The mark of a particular bourbon, it turns out, is not its taste, nor its price-point, nor even the clever design on its label.
No. Scientists have now demonstrated that what truly distinguishes a drop of Bulleit from a drop of Knob Creek, or a snifter of Jimmy B from a slurp of Wild T is the mark it leaves on the coaster.
The discovery, outlined in detail in the journal ACS Nano, is actually more significant, and more complex, than it first sounds. It has a potential real-world use as a method of detecting adulterated products. Mostly, however, it is just very cool.
Researchers led by mechanical engineer Adam Carrithers from the University of Louisville in Kentucky, US, turned their attention to the previously neglected chemistry of whiskey stains, inspired by long-established research concerning another popular beverage: coffee.
Everyone who drinks coffee is well aware that if a small amount is dropped on a non-porous or semi-porous surface and left to look after itself it will dry and form a distinctive pattern.
This is known as a “coffee ring” and arises because the liquid at the edge of the spill evaporates more rapidly than the stuff in the middle. This induces a capillary flow from the centre to the outside, which gets faster as the total amount of coffee declines. The result is a distinctive ring, darker at its outer borders.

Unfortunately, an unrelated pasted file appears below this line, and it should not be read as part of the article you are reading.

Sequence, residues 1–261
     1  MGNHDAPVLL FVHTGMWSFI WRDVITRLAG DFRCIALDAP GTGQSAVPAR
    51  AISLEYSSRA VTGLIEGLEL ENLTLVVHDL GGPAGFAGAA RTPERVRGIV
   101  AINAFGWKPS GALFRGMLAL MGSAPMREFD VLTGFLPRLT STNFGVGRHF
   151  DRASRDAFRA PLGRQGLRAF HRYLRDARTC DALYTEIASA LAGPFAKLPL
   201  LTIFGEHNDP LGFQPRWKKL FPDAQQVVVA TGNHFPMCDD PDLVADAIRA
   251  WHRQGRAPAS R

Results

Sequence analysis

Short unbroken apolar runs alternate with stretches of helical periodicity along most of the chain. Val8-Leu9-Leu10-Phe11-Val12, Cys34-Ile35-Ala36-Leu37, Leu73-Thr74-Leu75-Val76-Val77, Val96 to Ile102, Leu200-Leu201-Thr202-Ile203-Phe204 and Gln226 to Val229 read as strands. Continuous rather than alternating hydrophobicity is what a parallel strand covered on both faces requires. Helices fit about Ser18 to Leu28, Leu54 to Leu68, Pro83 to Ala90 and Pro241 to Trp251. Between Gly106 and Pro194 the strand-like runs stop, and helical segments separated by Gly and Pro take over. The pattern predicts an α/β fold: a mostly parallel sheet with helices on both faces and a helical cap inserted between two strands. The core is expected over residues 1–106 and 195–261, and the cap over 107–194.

The chemistry and physics of the process was first described in 1997, and coffee ring science has gone on to be pretty much its own discipline, prompting dozens of papers every year.
Spilt bourbon doesn’t behave in the same way. Carrithers and colleagues discovered, however, that it does something just as interesting. It forms a web.
The researchers first noticed this when observing diluted bourbon drips left to dry on glass surfaces. With remarkable attention to detail – perhaps a mindset that can only be achieved while contemplating an empty whiskey tumbler – they noticed that the web formations that developed as the liquid evaporated appeared to differ depending on the brand.
Intrigued, they decided to look more closely and examine the process using uniform samples under laboratory conditions. With the aid of time-lapse microscopy, they got to work on a range of bourbons.
In any droplet, they discovered, non-volatile organic compounds called aromatics, phenols and esters clustered together on the surface and formed a layer just one molecule thick. As evaporation proceeded and the droplets grew smaller, the layer collapsed, creating the stands of a web.
These patterns, they realised, were brand specific. To test this, they arranged for a set of stains to be prepared, in circumstances where they were blind to the source bourbon. They then set about identifying each drink using only the web layout – and guessed correctly in 90% of cases.
This, they suggest, once properly codified, could provide a novel way to identify counterfeit booze.
But it would only work, it seems, in bourbon. In the ACS Nano paper, Carrithers and his team report that the same sort of distinct webbing does not develop in scotch, nor in Canadian whiskies.
And it is that sort of detail – that dedication to research – that is the mark of true scientists.